"To any place where I may walk, I am always walking towards Eretz Yisrael."
The blue, white and orange colors are the nationally recognized symbol of "Shvil Yisrael"
-- the hiking trail which goes from the Northern tip of Israel,
to the Southernmost point.
This past weekend was "Shabbat Irgun", the culmination of a month of activities of the Bnei Akiva youth movement in Israel. I was never part of Bnei Akiva in the United States -- it always had a stigma of being "not religious enough" or much too aliya-centric...in fact, there was no real Bnei Akiva in my hometown growing up. (And the town was happy that way, with little encouragement for aliya, and a "frummer" environment)
Yet, here in Israel, I'm happy my kids are part of Bnei Akiva. (Also, it's not mixed -- like it was when I was a kid in the US. And its alot more fun than Pirchei Aguda).
I will admit, that I don't have patience for their Motzei Shabbat (Saturday Night) performances following Shabbat Irgun, and it's painful waiting through them when your kids aren't in a particular skit or dance.
Let me go home already...please?
And I still only get home at midnight. Yet as my wife is reading this, I know not to complain since I didn't go last year at all (I think I was away on a business trip, whew), so it was definitely my turn this year.
After lunch this past Shabbat, we all took a stroll to our local Bnei Akiva trailer-park (they're called caravans in Israel), which were painted by each group in honor of Shabbat Irgun.
Now, as I was getting this blog post ready for publication, I was pointed (thanks WBM :-)to a posting on Chayei Sarah's blog, where she opinions that Religious Zionism is all about "the land" and doesn't focus on the other mitzvot.
Bnei Akiva kids put a banner up in my neighborhood during the Lebanon War stating their solidarity with the people of the North. I smiled every time I saw it. It made me happy that in a time of crisis, the whole country felt unified and that young people in Jerusalem were proudly proclaiming their solidarity with people they'd never met.Unfortunately, Chayei Sarah's experience with Bnei Akiva in Israel must be rather limited. I took pictures of the caravan walls, and you can see for yourself what messages they are fostering. (Not that there is anything wrong with solidarity)
Now that the war is over, and the Gaza pullout is long past, I wish they'd put up banners about other things. About loving your neighbor as yourself, about helping the poor and other things that, after all, are Torah values. Perhaps the kids do discuss these things within their chapters. Certainly they have wonderful activities around the holidays, and they do learn Torah, but in terms of the public face of the organization . . . they don't seem to have learned anything from what happened two summers ago. The self-reflection of the rabbis I heard has not trickled down to the level of the kids' banners and the paintings on the chapter's walls.
It makes me sad that, in practice, Religious Zionism continues to be all about Zionism and hardly about religion at all.
Justice in Society. They kids painted every imaginable quote from the Torah, Jewish religious source that deal with Justice...and Social Justice.
On that day...that Jews love one another, respect one another, respect their heritage and when their actions are influenced by love of the Torah, love of the people, and love of the land in its holiness...on that day there will be a "Jewish Culture."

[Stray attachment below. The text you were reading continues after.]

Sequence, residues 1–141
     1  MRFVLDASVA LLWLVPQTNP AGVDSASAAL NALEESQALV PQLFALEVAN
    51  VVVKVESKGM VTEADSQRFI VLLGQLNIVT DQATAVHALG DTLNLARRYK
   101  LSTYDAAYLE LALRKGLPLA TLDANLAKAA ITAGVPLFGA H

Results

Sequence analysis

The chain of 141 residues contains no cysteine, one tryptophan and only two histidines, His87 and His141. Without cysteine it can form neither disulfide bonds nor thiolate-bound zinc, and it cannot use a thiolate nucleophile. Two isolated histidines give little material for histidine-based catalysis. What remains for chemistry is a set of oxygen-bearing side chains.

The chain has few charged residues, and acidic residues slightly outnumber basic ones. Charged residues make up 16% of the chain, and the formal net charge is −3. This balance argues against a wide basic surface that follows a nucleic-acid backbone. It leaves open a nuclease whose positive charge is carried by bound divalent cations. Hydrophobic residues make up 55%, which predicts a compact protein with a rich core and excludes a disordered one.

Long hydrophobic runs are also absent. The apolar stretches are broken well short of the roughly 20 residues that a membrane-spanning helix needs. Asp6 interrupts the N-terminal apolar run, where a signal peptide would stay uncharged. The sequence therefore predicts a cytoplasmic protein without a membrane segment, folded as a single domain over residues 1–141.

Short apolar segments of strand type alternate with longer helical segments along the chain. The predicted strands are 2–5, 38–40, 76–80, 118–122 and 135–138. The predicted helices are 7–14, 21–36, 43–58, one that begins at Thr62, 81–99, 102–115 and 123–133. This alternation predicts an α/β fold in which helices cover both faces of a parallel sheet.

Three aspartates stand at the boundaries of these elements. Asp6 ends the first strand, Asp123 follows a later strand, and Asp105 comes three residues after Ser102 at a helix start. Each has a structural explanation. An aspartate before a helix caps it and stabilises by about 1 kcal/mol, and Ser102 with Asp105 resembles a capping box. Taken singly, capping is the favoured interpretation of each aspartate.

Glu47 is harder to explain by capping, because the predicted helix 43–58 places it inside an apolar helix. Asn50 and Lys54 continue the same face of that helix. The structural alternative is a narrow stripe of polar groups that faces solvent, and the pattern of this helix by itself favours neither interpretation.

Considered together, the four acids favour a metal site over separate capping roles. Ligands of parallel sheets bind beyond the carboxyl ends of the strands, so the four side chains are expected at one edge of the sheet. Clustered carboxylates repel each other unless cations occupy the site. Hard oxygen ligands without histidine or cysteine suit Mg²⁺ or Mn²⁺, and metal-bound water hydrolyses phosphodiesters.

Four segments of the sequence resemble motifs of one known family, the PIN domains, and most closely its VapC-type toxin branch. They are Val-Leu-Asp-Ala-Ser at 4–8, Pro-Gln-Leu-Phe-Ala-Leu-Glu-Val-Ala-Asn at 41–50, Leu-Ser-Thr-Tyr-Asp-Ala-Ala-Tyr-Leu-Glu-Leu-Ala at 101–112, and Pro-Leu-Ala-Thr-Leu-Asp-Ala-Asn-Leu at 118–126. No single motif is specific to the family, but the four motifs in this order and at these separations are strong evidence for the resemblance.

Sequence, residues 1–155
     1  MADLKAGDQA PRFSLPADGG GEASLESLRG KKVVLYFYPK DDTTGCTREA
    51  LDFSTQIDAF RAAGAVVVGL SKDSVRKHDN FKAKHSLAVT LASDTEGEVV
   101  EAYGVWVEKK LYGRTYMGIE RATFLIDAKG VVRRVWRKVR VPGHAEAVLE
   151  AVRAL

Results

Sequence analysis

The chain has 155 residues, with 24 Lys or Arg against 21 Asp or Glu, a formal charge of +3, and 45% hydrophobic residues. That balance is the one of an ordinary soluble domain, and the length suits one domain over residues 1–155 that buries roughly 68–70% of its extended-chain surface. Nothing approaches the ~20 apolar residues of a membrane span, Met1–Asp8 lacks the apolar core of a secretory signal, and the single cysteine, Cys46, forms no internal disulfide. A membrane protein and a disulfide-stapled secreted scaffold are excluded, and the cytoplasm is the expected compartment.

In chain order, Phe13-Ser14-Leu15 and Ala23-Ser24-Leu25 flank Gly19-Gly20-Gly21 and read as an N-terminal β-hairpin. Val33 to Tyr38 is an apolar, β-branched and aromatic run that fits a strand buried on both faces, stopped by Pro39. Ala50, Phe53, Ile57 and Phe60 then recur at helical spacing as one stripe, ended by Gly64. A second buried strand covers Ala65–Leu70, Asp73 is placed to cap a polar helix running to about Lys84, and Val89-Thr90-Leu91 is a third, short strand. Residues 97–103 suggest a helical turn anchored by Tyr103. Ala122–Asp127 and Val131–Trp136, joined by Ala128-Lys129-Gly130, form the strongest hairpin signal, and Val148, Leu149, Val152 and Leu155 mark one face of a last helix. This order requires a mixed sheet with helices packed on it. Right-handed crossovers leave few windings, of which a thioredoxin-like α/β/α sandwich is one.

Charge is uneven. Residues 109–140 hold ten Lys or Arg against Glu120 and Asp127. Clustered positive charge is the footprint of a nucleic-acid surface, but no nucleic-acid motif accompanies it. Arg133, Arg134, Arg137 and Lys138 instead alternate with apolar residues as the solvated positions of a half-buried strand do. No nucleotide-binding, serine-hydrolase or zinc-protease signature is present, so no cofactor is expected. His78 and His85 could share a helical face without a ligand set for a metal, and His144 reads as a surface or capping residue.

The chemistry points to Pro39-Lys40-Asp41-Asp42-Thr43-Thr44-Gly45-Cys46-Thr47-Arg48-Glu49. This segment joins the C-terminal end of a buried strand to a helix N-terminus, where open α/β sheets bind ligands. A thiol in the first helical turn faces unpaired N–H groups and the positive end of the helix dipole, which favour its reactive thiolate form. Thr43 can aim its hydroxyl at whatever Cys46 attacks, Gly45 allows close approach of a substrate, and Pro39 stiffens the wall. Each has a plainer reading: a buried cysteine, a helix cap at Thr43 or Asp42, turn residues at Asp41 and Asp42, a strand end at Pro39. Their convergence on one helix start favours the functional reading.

Social Justice was a major theme this year...culminating in the realization that social justice brings about realization of G-d.
And yet, we do not forget.
Over the door of each caravan was a zecher l'churban - a reminder of the destruction of the Beit HaMikdash, the Jewish Temple(s). We have one in our home as well...where we also mourn the destruction of the Jewish communities of Gaza.
Finally - the Bnei Akiva kids make sure they will also never forget the destruction of the homes in Gush Katif. While some may think they learned "nothing" from two summers ago -- I think they learned quite alot. That the Israeli government can easily turn its back, and stab in the back, some of it's most loyal of citizens. I think they learned that when the government ignores the plight of fellow Jews, then THEY fill the void. I think they seek justice for themselves as well as for others.
While it may bother some, we "don't forget" -- the lack of justice then during the disengagement, and the apathy today -- the blatant lack of simple human care by the Israeli Knesset and Government for the plight of the Gush Katif refugees (many of whom still have no real housing solutions, over 50% unemployment, and many other problems).
Judaism is about ALL the mitzvot. And Bnei Akiva tries to encourage the observance of all of them.
Right now, I'm blogging this from the lobby of a hotel in Northern Israel, (during my break for dinner), where I'm attending a MDA enrichment course [I'll blog about that later as well]. There are MANY religious Zionists here...and Chareidim...and secular Israelis...and they all volunteer all over Israel -- not only in their closed environment. Why would they? Don't they only care about themselves?
It's so simple to shoot an arrow, and draw a target around it.
While it may seem like good blog material to go after Religious Zionists and say the "right wing" only cares about the Eretz Yisrael; in reality, you'll find them all over Israel, doing all sorts of wonderful inter-personal mitzvot.
And we still love Eretz Yisrael.
Wherever I am, my blog turns towards Eretz Yisrael